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HomeCurrenciesShort Bets on Asian Currencies Rise as Firm Dollar Dents Confidence
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Short Bets on Asian Currencies Rise as Firm Dollar Dents Confidence

Bearish sentiment toward most Asian currencies has strengthened, according to a recent Reuters poll, reflecting a growing trend since the beginning of the year. The repricing of rate cut expectations following strong U.S. economic data has bolstered the dollar, prompting investors to increase short positions on Asian currencies.

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Short bets on the Malaysian ringgit surged to their highest level since mid-July last year, while those on the Indonesian rupiah reached an over five-month high. The Korean won emerged as the most shorted currency, hitting its highest level since October 2022, while short positions on the Singapore dollar climbed to a six-month high.

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The dollar’s strength, fueled by robust U.S. economic data and persistent inflation, has led some Federal Reserve officials to temper market expectations of rate cuts, casting a shadow over emerging currencies. According to Michael Wan, senior currency analyst at MUFG, the stronger dollar trend has raised concerns among officials overseas, with the U.S. potentially exporting its inflation problem to other countries through the dollar.

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In response to currency volatility, the Indonesian central bank has reassured investors of its intervention to stabilize the rupiah, which has fallen about 5% so far this year to a four-year low. Similarly, the Bank of Korea signaled its readiness to address volatile currency movements.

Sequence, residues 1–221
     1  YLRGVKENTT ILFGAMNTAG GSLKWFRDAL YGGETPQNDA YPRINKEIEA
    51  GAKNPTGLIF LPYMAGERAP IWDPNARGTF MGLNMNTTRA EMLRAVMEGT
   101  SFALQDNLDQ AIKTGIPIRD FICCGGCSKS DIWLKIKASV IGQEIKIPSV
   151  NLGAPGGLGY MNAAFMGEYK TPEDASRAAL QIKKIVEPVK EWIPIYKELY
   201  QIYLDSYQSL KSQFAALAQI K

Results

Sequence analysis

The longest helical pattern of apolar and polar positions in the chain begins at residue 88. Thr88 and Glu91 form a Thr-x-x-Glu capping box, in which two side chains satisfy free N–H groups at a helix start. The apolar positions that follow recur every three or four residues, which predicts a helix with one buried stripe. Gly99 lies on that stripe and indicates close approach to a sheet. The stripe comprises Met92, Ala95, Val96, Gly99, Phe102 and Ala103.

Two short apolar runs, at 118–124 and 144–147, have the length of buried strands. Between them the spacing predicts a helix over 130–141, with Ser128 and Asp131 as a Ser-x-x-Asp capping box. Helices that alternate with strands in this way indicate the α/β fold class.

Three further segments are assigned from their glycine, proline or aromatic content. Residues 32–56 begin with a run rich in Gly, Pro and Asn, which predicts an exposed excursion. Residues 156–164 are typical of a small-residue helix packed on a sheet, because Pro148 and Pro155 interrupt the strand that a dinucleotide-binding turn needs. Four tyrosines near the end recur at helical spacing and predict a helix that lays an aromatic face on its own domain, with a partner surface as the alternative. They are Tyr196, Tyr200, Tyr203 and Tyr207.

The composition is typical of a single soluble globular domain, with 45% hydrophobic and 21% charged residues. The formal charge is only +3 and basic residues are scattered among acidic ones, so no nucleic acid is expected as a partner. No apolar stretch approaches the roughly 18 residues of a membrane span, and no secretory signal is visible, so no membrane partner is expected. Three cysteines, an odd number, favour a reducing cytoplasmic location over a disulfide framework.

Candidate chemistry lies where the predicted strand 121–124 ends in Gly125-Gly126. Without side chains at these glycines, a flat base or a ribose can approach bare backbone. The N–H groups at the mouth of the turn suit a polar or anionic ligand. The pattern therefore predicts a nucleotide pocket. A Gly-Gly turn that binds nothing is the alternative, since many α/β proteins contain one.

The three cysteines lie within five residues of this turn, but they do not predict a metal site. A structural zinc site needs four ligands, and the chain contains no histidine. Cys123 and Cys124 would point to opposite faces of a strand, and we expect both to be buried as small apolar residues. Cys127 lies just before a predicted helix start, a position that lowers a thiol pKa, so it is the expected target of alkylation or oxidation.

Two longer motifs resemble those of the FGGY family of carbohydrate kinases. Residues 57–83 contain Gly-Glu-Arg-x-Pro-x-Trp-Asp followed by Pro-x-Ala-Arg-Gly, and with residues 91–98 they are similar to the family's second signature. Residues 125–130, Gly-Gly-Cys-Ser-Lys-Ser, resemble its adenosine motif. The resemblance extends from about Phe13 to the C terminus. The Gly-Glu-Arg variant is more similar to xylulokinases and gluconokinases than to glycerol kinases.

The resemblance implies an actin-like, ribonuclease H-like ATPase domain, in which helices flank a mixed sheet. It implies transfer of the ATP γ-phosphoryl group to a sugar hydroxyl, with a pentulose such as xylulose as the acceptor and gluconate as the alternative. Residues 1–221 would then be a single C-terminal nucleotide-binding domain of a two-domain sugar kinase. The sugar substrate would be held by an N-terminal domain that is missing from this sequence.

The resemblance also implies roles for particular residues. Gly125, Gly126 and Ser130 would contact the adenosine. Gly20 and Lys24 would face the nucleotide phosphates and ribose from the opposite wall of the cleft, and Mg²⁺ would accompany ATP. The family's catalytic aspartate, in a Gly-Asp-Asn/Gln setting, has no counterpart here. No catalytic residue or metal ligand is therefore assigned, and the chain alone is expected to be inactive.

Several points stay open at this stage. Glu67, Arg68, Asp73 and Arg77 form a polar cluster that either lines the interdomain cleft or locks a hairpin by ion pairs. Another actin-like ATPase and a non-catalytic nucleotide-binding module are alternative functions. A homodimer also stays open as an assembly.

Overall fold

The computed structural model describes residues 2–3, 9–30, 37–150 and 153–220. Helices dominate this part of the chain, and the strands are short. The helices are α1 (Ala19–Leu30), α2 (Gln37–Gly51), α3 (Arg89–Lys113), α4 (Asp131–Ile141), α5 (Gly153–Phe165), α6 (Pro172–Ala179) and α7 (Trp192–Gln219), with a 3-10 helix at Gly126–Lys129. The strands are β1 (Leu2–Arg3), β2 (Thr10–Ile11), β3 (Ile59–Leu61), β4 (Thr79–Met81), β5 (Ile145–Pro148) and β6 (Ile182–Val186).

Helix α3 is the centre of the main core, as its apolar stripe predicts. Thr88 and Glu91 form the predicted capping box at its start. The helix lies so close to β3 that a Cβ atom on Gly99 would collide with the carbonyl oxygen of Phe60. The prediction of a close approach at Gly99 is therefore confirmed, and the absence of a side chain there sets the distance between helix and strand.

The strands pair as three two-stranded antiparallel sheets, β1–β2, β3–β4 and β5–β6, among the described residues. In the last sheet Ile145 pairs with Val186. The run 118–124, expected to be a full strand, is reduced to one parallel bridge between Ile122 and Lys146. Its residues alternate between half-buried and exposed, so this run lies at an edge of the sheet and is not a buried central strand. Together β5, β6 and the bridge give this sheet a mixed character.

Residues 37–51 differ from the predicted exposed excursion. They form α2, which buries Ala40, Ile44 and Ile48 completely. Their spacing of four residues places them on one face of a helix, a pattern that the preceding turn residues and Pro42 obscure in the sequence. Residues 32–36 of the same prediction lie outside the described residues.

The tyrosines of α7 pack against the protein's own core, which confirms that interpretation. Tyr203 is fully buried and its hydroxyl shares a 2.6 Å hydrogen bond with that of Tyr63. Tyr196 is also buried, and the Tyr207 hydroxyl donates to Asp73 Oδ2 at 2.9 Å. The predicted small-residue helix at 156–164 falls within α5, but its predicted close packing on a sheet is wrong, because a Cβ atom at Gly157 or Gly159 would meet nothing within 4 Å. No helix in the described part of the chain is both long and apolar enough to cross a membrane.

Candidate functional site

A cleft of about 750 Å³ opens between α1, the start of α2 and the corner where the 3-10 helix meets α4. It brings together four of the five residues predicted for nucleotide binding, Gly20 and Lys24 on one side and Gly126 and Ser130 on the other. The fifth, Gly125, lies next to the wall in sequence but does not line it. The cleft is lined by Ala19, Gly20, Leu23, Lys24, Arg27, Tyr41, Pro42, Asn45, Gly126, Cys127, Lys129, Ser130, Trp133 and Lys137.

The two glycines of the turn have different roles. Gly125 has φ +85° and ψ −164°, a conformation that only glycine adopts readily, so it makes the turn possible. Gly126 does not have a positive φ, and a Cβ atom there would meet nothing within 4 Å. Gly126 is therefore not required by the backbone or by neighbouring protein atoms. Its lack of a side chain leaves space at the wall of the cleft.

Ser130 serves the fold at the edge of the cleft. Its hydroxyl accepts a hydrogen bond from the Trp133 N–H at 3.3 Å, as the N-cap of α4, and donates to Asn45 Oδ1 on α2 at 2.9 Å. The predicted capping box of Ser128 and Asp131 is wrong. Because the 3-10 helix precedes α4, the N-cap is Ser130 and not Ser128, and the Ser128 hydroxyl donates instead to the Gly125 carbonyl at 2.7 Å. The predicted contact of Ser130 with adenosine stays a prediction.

Analysts at HSBC anticipate a moderation in USD-Asia pairs later in the year, contingent upon the Fed initiating a policy easing cycle and manageable geopolitical risks. However, they caution that Asian currencies could face further depreciation if the Fed refrains from cutting rates due to a re-acceleration of the U.S. economy.

Meanwhile, short bets on the Chinese yuan increased to their highest level since early November, despite efforts by the central bank to counter depreciation. Analysts also turned bearish on the Indian rupee, marking the first time since mid-December, attributing its weakness to various external factors including lingering geopolitical risks and renewed volatility in other currencies.

Christopher Wong, a currency strategist at OCBC, noted that while the rupee has weakened, it remains relatively stable compared to other regional currencies due to factors such as carry allure, bond inclusion, and expectations of policy continuity.

The poll reflects current market positions in nine Asian emerging market currencies and utilizes estimates of net long or short positions on a scale ranging from minus 3 to plus 3.

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